It is located about 200 kilometers south of the Inuit settlement town of Pond Inlet and is surrounded by high, weathered cliffs.
In the early hours of the morning we experienced great lighting moods with calm seas.
We went ashore in Feacham Bay, where, according to our expert, Ms. Leslie Qammaniq, a small community of Thule indigenous people (ancestors of all modern Inuit) lived about 500 years ago. We visited the remains of three semi-underground round houses in traditional Thule style over the beach.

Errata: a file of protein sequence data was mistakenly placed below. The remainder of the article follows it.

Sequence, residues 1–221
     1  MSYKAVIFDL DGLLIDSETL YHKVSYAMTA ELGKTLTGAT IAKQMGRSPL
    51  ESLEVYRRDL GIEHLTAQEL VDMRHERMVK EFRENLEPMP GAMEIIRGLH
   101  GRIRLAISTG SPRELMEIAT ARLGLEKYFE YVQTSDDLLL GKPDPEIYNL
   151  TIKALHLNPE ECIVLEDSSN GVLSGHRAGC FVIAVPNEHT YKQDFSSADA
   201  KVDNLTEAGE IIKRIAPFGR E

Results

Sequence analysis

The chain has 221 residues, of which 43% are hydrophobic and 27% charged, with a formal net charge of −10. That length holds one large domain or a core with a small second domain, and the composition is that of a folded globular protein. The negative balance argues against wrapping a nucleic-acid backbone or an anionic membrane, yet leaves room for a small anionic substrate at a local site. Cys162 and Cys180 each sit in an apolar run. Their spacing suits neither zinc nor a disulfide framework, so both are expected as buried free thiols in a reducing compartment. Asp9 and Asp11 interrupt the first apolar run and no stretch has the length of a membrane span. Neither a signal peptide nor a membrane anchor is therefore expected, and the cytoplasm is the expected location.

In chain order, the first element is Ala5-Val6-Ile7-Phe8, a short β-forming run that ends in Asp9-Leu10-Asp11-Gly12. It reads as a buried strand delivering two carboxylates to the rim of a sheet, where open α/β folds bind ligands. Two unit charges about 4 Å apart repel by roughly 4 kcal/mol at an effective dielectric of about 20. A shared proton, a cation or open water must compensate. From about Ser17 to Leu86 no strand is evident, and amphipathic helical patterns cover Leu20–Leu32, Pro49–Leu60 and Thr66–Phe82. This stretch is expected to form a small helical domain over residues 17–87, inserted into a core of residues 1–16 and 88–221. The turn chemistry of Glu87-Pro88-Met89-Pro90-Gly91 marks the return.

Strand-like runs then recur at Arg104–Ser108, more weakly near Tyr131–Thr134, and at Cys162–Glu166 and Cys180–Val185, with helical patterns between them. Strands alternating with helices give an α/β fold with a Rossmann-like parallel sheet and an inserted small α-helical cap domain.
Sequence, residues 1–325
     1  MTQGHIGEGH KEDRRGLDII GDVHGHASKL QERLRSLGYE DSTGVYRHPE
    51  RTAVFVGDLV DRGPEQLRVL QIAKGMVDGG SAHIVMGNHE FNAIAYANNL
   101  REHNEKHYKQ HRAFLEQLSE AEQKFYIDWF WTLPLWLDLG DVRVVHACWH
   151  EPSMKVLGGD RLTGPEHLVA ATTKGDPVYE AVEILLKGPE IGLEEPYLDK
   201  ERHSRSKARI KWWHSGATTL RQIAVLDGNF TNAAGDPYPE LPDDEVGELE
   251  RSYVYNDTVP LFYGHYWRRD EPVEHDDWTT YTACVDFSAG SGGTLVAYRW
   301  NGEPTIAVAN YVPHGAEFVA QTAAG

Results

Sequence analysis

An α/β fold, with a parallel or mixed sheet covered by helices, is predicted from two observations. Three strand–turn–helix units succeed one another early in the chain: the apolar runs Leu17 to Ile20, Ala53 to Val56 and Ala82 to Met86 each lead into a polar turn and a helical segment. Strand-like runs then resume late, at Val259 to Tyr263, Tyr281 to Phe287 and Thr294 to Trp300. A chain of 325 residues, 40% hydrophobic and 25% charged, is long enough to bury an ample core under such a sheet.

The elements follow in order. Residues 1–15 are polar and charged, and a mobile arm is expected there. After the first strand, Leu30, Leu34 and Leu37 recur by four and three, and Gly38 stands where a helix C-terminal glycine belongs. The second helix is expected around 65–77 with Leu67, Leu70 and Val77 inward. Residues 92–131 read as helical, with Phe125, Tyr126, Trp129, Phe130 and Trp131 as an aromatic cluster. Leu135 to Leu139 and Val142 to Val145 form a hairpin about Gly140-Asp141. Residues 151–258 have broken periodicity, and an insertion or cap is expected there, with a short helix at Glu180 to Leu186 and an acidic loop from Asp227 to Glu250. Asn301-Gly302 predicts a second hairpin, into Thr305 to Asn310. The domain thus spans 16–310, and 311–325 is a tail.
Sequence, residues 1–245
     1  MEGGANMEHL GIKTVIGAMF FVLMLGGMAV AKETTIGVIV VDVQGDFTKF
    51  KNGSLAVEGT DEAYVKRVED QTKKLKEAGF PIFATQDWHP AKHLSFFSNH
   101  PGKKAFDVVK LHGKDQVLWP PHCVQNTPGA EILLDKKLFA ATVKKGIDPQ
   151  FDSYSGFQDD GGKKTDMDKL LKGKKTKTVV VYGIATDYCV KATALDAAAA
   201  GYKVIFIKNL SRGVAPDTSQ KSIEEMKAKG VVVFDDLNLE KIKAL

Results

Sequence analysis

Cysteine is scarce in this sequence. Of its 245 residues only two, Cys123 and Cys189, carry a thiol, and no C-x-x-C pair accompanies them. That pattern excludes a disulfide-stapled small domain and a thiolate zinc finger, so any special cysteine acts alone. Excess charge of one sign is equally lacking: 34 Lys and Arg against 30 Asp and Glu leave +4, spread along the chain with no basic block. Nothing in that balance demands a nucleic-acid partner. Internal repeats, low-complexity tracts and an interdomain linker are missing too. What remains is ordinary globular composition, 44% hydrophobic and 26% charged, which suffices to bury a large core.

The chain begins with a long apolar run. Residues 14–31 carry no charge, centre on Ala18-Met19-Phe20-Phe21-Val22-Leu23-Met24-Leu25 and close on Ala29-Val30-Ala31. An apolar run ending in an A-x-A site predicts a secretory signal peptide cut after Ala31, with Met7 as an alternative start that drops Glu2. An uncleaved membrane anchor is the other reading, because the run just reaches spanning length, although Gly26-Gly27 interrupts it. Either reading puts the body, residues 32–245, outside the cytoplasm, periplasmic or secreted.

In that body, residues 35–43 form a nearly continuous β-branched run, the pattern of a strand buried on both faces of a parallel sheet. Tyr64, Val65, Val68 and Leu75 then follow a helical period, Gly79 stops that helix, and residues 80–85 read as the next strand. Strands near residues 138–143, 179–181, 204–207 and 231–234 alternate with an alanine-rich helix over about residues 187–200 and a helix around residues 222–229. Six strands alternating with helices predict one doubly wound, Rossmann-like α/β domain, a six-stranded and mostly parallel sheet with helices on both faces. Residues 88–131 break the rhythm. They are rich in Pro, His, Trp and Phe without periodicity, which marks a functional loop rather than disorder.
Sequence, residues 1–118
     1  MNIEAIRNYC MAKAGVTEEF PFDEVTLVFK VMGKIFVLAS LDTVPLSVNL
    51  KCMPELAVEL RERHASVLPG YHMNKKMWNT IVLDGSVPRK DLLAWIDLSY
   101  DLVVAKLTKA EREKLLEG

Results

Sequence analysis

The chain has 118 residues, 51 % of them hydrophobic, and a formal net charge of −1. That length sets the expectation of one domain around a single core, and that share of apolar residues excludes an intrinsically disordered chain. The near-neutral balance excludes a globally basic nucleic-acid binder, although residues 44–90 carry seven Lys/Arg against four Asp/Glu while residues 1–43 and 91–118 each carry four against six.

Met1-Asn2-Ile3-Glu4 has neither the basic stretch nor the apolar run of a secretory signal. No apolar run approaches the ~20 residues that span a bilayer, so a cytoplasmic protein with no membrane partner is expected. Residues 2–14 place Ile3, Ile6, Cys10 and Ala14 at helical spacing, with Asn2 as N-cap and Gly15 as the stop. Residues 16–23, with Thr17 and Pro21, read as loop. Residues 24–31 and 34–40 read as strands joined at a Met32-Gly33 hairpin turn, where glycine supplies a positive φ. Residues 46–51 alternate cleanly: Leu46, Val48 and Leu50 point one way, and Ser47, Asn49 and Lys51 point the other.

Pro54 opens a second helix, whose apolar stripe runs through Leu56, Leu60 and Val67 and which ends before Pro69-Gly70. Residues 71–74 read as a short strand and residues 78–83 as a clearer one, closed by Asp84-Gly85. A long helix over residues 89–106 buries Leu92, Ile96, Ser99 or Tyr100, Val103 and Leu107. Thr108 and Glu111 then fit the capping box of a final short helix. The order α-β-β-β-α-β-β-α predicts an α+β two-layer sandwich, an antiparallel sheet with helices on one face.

The tundra is very rich in flora, but all plants are quite small and close to the ground to survive in the harsh, cold, and very strong winds and the 8-9 months of snow and ice on the ground.
The entire tundra was covered with so-called "arctic cotton plants" (Eriophorum callitrix). According to Leslie, "cotton", one of the most common flowering plants in the northern tundra regions, was picked by the Inuit to use as wicks for lights or whale and seal oil lamps in their homes and igloos.